A street drug which rots the skin of those who use it has been designated an “emerging threat to the nation” by the White House.
Last month, Sky News revealed the impact Tranq – a mixture of the opioid fentanyl and the animal tranquiliser Xylazine – is having on communities in Philadelphia.
Since then, data suggests use of the drug is spreading rapidly all over the country.
Speaking to reporters, the head of the White House Office for National Drug Control Policy, Dr. Rahul Gupta expressed alarm at the prevalence of the cocktail.
“I’m deeply concerned about what this threat means for the nation,” he said, adding: “This is the first time in our nation’s history that a substance is being designated as an emerging threat by any administration,”
In a special report filmed over a series of days last month, Sky News examined the impact the drug is having on a community in the north-eastern city of Philadelphia where the cocktail first emerged.
With help from volunteer medics and outreach workers we were shown the horrific wounds caused by the drug which is smoked, snorted or injected. Unusually the wounds appear randomly on the body.
Frequently, they are deep, they heal slowly and in many cases they lead to amputation.
Health officials in Philadelphia, speaking to Sky News last month, admitted they do not have a grip of their city’s crisis and warned that it would spread to other parts of the country.
Newly analysed data now shows a 1000% increase in overdoses linked to Tranq in southern American states suggesting a rapid and alarming spread.
The US is already experiencing a drug overdose crisis with the synthetic opioid fentanyl. Overdoses have surged to more than 100,000 a year.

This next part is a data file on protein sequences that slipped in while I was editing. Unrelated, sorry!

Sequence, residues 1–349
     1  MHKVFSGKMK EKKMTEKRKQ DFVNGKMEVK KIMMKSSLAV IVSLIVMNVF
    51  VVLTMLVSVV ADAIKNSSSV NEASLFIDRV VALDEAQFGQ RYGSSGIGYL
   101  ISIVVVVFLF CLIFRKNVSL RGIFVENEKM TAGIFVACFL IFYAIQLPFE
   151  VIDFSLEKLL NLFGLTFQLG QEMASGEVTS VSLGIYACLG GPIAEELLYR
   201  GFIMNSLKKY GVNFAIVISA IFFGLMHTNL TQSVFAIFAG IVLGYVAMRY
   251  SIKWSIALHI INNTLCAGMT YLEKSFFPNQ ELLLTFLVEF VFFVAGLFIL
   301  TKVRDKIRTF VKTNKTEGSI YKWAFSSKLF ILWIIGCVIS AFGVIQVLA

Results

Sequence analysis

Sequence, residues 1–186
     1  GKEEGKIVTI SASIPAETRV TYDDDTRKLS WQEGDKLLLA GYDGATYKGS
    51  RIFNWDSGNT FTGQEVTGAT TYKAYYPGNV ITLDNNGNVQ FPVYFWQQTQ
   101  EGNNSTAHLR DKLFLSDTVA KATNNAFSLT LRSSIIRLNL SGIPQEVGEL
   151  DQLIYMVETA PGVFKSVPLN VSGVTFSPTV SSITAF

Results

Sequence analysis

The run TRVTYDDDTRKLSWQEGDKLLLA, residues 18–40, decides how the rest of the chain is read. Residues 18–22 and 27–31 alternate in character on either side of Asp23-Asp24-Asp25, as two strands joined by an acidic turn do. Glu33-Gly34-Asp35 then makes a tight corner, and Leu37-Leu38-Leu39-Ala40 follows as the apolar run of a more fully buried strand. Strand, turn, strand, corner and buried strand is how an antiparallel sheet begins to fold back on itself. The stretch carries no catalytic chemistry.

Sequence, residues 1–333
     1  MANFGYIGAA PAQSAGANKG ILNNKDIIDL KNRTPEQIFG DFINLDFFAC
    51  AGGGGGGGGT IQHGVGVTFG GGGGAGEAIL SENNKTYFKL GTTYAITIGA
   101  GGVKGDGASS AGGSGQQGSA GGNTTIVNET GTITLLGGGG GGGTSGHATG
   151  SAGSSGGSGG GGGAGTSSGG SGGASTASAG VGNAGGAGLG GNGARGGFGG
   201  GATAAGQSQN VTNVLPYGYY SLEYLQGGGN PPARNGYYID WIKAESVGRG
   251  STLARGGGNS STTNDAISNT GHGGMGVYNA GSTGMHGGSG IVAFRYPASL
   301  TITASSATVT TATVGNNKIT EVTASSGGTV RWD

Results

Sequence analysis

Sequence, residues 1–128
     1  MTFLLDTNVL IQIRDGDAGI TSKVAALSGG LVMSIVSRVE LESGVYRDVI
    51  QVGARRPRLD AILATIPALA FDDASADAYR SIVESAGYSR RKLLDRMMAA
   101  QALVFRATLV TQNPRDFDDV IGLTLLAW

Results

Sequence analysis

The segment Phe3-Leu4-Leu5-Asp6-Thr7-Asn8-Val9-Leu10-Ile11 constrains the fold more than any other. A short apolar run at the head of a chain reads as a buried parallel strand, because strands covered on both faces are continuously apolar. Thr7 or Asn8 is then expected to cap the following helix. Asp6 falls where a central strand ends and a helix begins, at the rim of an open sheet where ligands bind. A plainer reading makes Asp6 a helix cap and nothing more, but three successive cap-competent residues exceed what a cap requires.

Dealers are now cutting, or mixing, fentanyl with Xylazine creating the ‘Tranq’ cocktail to lower their costs and increase demand.
Users told Sky News that the new cocktail increases their addiction levels driving them to more hits a day.
White House officials formally notified Congress about the public health threat on Wednesday and say they will roll out a plan to tackle the crisis over the next 90 days.
Measures are likely to include more testing for users so they can identify if Xylazine is contained in their drug supply. Dr Gupta has also called for more funding for accessible treatment for users.
In Philadelphia, users told us adequate and accessible treatment was not easily available. America’s insurance-based health system significantly complicates the challenge.
Xylazine is readily available to dealers on the open market. It is used legally by veterinarians as an animal tranquilizer.
The Drug Policy Alliance advocates for harm reduction but also highlights the harm caused by drug prohibition.
In a statement, they told Sky News: “The Biden Administration must learn from the mistakes of the past.
“Crackdowns on prescription opioids and heroin created the conditions for fentanyl analogues to flourish and overtake the drug supply.
“And now history is once again repeating itself, with newer, potentially more harmful substances like Xylazine popping up and already overtaking some markets.
“Make no mistake, focusing on supply-side interdiction will only dig us deeper into this crisis and inevitably result in more loss of life.”